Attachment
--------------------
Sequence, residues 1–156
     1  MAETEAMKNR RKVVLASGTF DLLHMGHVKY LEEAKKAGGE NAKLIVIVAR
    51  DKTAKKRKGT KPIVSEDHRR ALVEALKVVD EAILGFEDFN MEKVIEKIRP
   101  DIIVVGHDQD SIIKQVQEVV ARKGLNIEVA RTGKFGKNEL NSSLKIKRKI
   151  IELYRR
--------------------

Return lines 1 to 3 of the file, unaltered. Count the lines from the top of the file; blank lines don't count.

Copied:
Sequence, residues 1–156
     1  MAETEAMKNR RKVVLASGTF DLLHMGHVKY LEEAKKAGGE NAKLIVIVAR
    51  DKTAKKRKGT KPIVSEDHRR ALVEALKVVD EAILGFEDFN MEKVIEKIRP